On January 11, 2012, the OP finally rendered a decision dismissing the appeal for lack of merit. It found that on the culpability of La Paz, the petitioners merely relied on the report submitted by the team that conducted the “”ocular inspection”” of the subject properties. It wrote that “”[w]hat is visual to the eye, though, is not always reflective of the real cause behind, xxx other than the ocular inspection, no investigation was conducted to determine the real cause of damage on the housing units.”” According to the OP, the petitioners “”did not even show that the plans, specifications and designs of their houses were deficient and defective.”” It concluded that the petitioners failed to show that La Paz was negligent or at fault in the construction of the houses in question or that improper filing and compacting of the soil was the proximate cause of damage.[17]

The CA Decision

Not in conformity, the petitioners appealed the OP decision, dated January 11, 2012, before the CA. On September 26, 2013, the CA affirmed the ruling of the OP and found that the petitioners had no cause of action against La Paz for breach of warranty against hidden defects as their contracts were merely contracts to sell, the titles not having been legally passed on to the petitioners. It likewise ruled that La Paz could not be held liable for damages as there was not enough evidence on record to prove that it acted fraudulently and maliciously against the petitioners.[18]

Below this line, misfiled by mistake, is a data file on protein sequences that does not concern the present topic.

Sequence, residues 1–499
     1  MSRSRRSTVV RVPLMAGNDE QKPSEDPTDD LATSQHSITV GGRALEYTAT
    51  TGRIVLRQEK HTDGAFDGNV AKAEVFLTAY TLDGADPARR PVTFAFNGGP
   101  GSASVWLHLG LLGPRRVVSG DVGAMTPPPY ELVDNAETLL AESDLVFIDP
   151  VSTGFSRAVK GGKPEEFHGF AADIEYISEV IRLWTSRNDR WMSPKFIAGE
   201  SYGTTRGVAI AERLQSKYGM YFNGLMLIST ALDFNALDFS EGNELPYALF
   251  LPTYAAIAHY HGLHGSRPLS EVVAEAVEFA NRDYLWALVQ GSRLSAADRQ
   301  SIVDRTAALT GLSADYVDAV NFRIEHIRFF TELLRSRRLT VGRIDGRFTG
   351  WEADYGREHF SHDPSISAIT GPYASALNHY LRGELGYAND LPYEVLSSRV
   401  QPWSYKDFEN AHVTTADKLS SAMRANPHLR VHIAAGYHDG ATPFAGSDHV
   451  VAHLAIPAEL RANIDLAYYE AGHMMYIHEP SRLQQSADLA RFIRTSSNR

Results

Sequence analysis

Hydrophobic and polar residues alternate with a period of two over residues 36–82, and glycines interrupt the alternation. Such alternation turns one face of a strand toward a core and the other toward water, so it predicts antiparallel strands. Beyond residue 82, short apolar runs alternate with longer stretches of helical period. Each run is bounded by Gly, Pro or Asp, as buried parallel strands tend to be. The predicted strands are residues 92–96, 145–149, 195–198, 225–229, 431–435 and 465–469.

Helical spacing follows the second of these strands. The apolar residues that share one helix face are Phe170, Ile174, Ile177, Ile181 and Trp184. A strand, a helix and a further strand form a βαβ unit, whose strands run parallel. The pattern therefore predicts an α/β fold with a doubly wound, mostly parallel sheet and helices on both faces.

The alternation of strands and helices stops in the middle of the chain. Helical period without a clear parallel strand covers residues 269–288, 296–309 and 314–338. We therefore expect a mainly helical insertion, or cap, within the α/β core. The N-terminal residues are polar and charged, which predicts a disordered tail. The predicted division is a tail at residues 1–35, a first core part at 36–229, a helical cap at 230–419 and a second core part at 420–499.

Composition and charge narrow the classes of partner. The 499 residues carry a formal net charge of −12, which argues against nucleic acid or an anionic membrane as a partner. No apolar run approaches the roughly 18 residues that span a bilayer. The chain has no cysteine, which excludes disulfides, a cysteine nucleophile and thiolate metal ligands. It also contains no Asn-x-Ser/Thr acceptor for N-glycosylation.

On January 29, 2014, the CA denied the motion for reconsideration[19] filed by the petitioners.

Hence, the present petition raising the following

ISSUES

The CA gravely erred in the issuance of the assailed Decision and challenged Resolution which affirmed in toto the Decision of the O.P. [dismissing the petition for lack of merit] despite the conclusive:

A. Findings of the MGB, DENR, Engineer’s Office, San Pedro, Laguna and HLURB Director that petitioners’ housing are unfit for human habitation. Hence, they are entitled to the protective mantle of PD 957 which was enacted to protect the subdivision lot buyers against the commission of fraud or negligence by the developer/contractor like La Paz.

B. The contractual relationship between the parties is not governed by Articles 1477 or 1478, the New Civil Code as the correct issue is the liability of La Paz as the contractor/developer to the petitioners’ housing units declared by government agencies unfit for human habitation. What governs are Art. 2176 in relation to Art. 1170, 1173 and Art. 19 in relation to Art. 20 and Art. 21, the Civil Code of the Philippines.